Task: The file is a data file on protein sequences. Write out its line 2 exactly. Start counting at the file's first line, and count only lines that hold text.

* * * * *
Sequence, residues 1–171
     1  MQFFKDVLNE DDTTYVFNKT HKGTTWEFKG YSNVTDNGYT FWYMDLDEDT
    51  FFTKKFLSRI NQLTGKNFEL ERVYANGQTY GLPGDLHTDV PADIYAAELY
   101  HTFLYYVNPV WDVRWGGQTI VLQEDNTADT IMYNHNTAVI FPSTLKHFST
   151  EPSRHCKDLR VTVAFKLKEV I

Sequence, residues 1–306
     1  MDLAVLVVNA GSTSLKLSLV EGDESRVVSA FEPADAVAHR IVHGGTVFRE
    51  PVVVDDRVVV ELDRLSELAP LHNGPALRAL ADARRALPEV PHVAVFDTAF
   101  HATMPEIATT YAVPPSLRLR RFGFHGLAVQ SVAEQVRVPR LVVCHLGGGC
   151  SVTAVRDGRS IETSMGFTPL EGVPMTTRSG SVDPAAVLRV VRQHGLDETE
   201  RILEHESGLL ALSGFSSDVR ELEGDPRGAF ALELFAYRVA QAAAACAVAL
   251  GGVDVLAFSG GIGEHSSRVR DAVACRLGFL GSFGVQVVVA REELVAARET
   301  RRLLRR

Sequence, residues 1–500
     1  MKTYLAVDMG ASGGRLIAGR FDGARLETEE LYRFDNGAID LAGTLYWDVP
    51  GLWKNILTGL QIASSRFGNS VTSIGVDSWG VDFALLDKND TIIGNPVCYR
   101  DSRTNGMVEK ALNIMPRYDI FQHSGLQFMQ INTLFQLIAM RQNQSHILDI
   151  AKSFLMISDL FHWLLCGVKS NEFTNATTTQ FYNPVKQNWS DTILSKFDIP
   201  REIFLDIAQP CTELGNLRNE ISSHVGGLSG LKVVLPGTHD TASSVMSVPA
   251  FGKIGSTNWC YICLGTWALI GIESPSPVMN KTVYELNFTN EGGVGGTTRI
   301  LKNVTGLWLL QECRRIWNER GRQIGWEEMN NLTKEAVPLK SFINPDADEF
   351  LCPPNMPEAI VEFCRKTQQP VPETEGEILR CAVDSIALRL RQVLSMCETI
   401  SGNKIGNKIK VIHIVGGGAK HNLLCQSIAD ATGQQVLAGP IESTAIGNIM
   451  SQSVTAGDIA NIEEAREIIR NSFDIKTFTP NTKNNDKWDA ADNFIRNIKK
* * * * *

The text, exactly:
     1  MQFFKDVLNE DDTTYVFNKT HKGTTWEFKG YSNVTDNGYT FWYMDLDEDT